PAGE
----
Senate Democrats say Medicaid expansion would free up $470M state dollars

Published March 17, 2014

What could Florida do with $470 million extra dollars to spend?

That is the question Senate Democrats are asking now that they've calculated the state would have that money to spend if it accepted $51 billion federal Medicaid expansion dollars. They have answers, too, outlining this morning how they would spend the money.

A plan to use Medicaid expansion dollars to buy private insurance for poor Floridians was rejected by House Republicans last year. Two bills intended to reignite the issue during the 2014 session aren't going anywhere.

Lately, proponents of Medicaid expansion have tried to make a business case. They say reducing the number of uninsured Floridians creates jobs and helps small businesses save money they would otherwise have to spend insuring low-wage workers. But House Republicans still haven't budged, and Gov. Rick Scott is now avoiding the topic.

Senate Democrats said the $470 million is a "conservative estimate" based on various studies of the impact of Medicaid expansion by the state Agency for Health Care Administration, Georgetown University's Health Policy Institute, Florida Center for Fiscal and Economic Policy and state budget analysts.

Here are some of their ideas on spending the money:

  • $236 million for Department of Juvenile Justice prevention programs
  • $141 million to repair leaking roofs and failing HVAC units in Florida's universities and community colleges
  • $207 million to give teachers 2 percent raises
  • $200 million for springs cleanup
  • $62.5 million to hire 600 new Florida Highway Patrol troopers

Here is the full press release:

With Governor Rick Scott and the Legislature prepared once again to walk away from $51 billion in Florida taxpayers' money on the table to expand Medicaid in the state, Senate Democratic Leader Chris Smith (D-Ft. Lauderdale) and members of the Senate Democratic Caucus on Monday outlined just how expensive that monetary snub would prove to be.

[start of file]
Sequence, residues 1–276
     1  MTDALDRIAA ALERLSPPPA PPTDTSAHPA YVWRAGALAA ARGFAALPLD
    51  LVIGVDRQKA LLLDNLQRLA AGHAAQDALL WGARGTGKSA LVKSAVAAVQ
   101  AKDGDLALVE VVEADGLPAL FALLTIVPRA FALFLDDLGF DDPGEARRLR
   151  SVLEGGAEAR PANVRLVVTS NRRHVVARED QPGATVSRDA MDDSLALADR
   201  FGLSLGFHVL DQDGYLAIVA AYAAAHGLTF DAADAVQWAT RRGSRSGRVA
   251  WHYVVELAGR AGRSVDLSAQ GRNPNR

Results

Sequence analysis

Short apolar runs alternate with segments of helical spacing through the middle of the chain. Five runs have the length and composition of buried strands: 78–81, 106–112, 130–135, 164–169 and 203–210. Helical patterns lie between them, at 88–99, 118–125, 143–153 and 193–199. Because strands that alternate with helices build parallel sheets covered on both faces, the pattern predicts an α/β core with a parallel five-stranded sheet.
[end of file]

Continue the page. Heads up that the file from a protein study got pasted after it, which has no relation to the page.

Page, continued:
"By very conservative estimates, if Florida were to finally relent and accept our tax dollars under Medicaid expansion, it would not only relieve the state's high costs of uncompensated care, for example, but it would free up at least $470 million – almost half a billion dollars – in General Revenue," said Senator Smith. "That money would go a long way to more quickly address the critical needs of the state – rooftops for schools, safer roadways, clean water for fishing and swimming, to name just a few - that have escalated as a result of the past years' dramatic budget cuts."

To illustrate the many projects that could be jumpstarted by $500 million in general revenue, Senators Eleanor Sobel (D-Hollywood), Geraldine Thompson (D-Orlando), Darren Soto (D-Orlando), Bill Montford (D-Tallahassee) and Audrey Gibson (D-Jacksonville) outlined a number of priorities under their legislative oversight.

For example, $8.5 million could mean education for the new doctors Florida is desperately seeking, $110 million could establish new diversion programs like sentencing alternatives and specialty courts for drugs offenses and veterans issues, $141 million could repair leaking roofs and failing HVAC units in Florida's universities and colleges, and $200 million could jumpstart the critical cleanup of the state's endangered springs.

Keep up with Tampa Bay’s top headlines

Keep up with Tampa Bay’s top headlines

Subscribe to our free DayStarter newsletter

We’ll deliver the latest news and information you need to know every morning.

You’re all signed up!

Want more of our free, weekly newsletters in your inbox? Let’s get started.

Explore all your options

"Money from general revenue now going for things Medicaid expansion would cover could go to other priorities," said Senator Smith. "The money would also go a long way in creating the kinds of jobs that actually support families – jobs like construction, trades, health care, and environmental scientists. Expanding Medicaid won't cost us a dime. But leaving that money on the table will cost us plenty. It's high time our unclaimed property – our tax money – was returned to where it came from in the first place."